Workshop/Lathe

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Sphere lathe with 3 jaw chuck

The Basics

We have a 6" Sphere lathe - the design of which is based on a 6" Atlas - with a 0.5 hp motor.

Our lathe is suitable for turning metals and plastics. Aluminium, brass, copper, delrin/acetal and nylon shouldn't present any problems. It should be possible to machine mild steel too, though you may find some additional cooling is necessary.

Both the carriage and cross slide can be power-fed using the appropriate change gears and the feed-direction gearbox on the left-hand side.

We are currently lacking a full set of change gears and a threading dial.

Safety

  • Long hair MUST be tied up, long sleeves should be rolled up securely.
  • Eye protection MUST be worn. Safety glasses are in the "Safety Equipment" box.
  • The chuck key MUST be removed from the chuck before the lathe is turned on.
  • Gloves MUST NOT be used whilst the machine is on - if you are concerned about grease and oil use barrier cream.
  • The emergency stop button is located below the "Start" button.
  • Ensure the work is securely fixed in the chuck.
  • Keep the change-gear door shut whilst the machine is on.
  • Swarf is sharp, keep an eye on it. Don't let it build up into birds-nest piles underneath the chuck.
  • Use a centre drill on work before using a normal drill. The bit will wander and could break if you don't.
  • Don't change the lead screw gearbox position whilst the machine is running.
  • Go and check you removed the chuck key again.

Maintenance & Care

Oiling

The lathe must be oiled before each use. Without oil the bearings will run dry and ruin themselves and the ways will wear and become scored and inaccurate.

Refer to the oiling chart (TODO: Create oiling chart) which is both here and beside the machine before use. If you aren't sure, ask.

The oil currently used is "Machine & Slideway Oil". If the bottle runs out let someone know so it can be replaced.

Tapers

The spindle taper (MT3), tailstock taper (MT2) and any tooling which fits into them must be free of oil, rust, dirt and grease to lock correctly and securely. Give tooling a wipe down with clean tissue before inserting it into the taper hole to prevent damage.

Sanding & Grinding

If you are sanding on the lathe make sure that you cover the ways with cloth or paper and clean up comprehensively when you are done - including the chuck. Magnets are available to securely hold protective material down so it won't be blown into the chuck.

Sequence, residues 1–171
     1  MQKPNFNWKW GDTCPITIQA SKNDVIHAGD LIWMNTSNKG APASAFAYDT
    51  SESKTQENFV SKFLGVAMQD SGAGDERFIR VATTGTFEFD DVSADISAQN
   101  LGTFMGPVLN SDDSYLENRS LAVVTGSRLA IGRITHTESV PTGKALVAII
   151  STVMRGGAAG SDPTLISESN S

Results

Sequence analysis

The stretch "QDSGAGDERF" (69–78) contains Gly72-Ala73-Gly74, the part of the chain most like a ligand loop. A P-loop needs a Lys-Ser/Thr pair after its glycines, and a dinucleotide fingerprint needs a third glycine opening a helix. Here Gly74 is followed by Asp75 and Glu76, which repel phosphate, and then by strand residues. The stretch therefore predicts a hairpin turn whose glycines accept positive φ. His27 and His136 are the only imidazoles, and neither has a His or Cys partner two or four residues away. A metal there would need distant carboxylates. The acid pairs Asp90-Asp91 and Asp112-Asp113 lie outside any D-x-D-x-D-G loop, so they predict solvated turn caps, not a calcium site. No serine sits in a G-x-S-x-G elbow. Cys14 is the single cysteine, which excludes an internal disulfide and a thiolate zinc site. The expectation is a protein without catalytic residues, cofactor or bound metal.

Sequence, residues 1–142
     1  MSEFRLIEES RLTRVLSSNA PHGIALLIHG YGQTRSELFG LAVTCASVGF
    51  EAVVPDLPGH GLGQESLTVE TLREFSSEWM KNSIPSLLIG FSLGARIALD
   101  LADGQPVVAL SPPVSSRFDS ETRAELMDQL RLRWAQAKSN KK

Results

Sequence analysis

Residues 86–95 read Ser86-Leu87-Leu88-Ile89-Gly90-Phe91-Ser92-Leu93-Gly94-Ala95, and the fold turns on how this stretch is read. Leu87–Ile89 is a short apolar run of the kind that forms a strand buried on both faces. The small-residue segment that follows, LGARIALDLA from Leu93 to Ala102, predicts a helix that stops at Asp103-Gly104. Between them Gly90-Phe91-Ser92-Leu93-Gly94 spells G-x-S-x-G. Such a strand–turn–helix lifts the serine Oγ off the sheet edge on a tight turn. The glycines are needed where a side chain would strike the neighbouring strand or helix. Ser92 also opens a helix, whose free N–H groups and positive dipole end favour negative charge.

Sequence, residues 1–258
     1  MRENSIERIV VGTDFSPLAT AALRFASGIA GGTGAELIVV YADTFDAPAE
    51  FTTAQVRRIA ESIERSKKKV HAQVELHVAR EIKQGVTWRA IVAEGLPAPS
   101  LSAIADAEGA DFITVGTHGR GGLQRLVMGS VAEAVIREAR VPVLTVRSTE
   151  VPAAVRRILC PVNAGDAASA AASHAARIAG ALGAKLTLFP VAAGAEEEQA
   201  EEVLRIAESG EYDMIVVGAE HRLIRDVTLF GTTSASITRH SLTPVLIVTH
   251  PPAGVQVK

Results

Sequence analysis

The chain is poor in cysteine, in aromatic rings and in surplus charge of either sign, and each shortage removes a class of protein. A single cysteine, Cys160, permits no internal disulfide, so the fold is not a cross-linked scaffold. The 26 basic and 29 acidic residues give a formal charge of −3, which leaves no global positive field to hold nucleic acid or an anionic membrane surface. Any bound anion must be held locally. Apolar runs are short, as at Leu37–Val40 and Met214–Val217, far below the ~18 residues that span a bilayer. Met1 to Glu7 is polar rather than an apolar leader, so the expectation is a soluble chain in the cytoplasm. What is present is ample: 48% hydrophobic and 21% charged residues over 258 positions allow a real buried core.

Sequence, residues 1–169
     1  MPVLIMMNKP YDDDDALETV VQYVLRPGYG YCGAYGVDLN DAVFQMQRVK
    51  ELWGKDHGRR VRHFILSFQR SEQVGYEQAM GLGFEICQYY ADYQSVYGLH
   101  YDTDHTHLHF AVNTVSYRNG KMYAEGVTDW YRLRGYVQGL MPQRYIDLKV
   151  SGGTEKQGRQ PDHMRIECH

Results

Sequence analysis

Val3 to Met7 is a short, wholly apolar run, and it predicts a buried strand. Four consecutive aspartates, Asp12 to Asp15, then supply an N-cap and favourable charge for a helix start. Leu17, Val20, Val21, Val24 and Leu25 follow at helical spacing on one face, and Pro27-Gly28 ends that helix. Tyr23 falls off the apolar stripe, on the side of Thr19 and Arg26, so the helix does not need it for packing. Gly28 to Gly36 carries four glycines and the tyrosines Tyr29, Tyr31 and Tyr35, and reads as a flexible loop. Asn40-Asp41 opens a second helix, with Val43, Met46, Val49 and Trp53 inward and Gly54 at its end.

This is very important: the dust generated by sanding and grinding is very abrasive and will wear the ways quickly, turning the precision machinery we have at the moment into a sloppy, inaccurate pile of scrap metal.

Tools

We currently have:

  • A selection of carbide tipped tools
  • 2 x 13mm drill chucks and a live centre for the tailstock
  • Centre drills
  • Knurling tool
  • 4-Jaw Independent Chuck
  • 3-Jaw Self-Centring Chuck
  • 6-inch Faceplate

We'd like:

  • A full set of change-gears
  • Quick change tool post

Back Gears

The locating pin is on the front of the bull gear. It is black and in the centre of this image.
The lever in this position is disengaged. Rotate towards the spindle to engage the back gears.

Running the lathe using the back gears allows slow spindle speeds for threading and turning large diameters.

There are two steps to setting back gear mode - the lever on the right hand side of the headstock and the plunger on the bull gear inside the headstock.

  • You MUST NOT attempt to run the lathe with the plunger "in" and the back gear lever engaged.
  • There are particular oil points that must be attended to when using the back gears.

Engaging the back gear

  • Loosen the drive belts.
  • Open the top of the headstock and rotate the spindle by hand until the plunger is visible.
  • Pull the plunger out. You might find it easier to use a small flat blade screw driver to gently lever it out.
  • Pull the back gear lever towards the headstock to enable the back gearing. You might need to rotate the spindle by hand slightly to allow the gears to mesh.
  • Turn the spindle by hand to ensure that nothing is binding.

Disengaging the back gear

It's polite to leave the spindle in direct drive mode when you are finished with the lathe.

  • Push the back gear lever away from the headstock to disable the back gearing.
  • Open the top of the headstock and rotate the spindle by hand until the plunger is visible.
  • Gently push the plunger and use the belts drive system to rotate the pulleys until the plunger locates itself in its hole.